One of the most significant stressors experienced by those living with debilitating chronic pain is how to pay for the treatment and health care they need—and those concerns are multiplied for individuals unable to work any longer because of their pain.

Social Security Disability Insurance (SSDI) may alleviate some of that burden.

If you have worked at least five of the last 10 years in a job in which you and your employer paid Federal Insurance Contributions Act (FICA) taxes, you may qualify to receive SSDI benefits if you are unable to work for at least 12 months.

Here’s how to apply

Qualifying for SSDI requires providing documentation surrounding work history and medical records, including specific forms such as an Activities of Daily Living questionnaire.

“People often make mistakes in this part of the process, perhaps because they’re not specific enough in their answers or they don’t want to admit their struggles,” says T. J. Geist, a principal advocate with Allsup, a company that helps its clients through the SSDI approval process.

There are several levels of appeals after an initial rejection. An appeal must be submitted within 60 days of receiving a denial letter. Reconsideration appeal forms include Form SSA-561 and a Reconsideration Disability Report, Geist says. Forms and additional information are available at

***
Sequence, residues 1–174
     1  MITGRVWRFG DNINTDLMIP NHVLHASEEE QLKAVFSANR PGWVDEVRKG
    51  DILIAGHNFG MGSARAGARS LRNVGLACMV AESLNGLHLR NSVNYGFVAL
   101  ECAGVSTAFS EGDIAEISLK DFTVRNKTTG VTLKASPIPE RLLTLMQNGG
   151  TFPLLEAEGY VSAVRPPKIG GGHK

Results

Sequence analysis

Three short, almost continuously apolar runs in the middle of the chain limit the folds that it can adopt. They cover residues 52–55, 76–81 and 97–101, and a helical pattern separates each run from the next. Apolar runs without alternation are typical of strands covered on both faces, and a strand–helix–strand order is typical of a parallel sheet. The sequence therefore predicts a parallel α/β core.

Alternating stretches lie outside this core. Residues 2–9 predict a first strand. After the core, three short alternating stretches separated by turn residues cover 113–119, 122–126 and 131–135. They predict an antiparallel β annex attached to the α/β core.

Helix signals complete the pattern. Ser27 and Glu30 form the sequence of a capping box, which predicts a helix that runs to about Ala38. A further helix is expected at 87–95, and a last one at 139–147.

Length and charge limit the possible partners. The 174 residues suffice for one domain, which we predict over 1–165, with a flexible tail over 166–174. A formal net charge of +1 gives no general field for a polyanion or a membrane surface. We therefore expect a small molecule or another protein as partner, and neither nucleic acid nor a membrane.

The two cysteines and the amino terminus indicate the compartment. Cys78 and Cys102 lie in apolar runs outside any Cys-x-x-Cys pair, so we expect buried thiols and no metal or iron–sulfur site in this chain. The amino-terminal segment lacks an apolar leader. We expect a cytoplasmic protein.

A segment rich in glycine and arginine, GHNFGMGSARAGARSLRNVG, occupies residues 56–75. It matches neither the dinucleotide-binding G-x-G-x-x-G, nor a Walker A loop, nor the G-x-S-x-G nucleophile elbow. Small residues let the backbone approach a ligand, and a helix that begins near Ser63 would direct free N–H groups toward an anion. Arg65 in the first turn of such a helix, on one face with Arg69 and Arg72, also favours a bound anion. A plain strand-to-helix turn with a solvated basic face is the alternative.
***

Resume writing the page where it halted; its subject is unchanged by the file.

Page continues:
Throughout the sometimes years-long process of applying and appealing, an average of only one-third of applicants eventually are approved for SSDI benefits.

How SSDI helps

Qualified recipients receive a monthly income based on how much they paid into the system through their Social Security taxes when they were working. Those approved for SSDI can also receive benefits for dependents under the age of 18.

SSDI offers return-to-work incentives for those whose health improves (learn more at The program also offers Medicare benefits 24 months after the date when Social Security has determined you were eligible for SSDI.

Effective communication with your health care providers is key to getting SSDI benefits as quickly as possible, Geist says.

“It’s a medical records-based program, so you need to make sure that you are seeking treatment and getting it documented,” he says. “If your doctor feels like you can’t work, you should apply [for SSDI] sooner rather than later, because it can take an extremely long time to process.”

To learn more about SSDI, visit

Calli Barker-Schmidt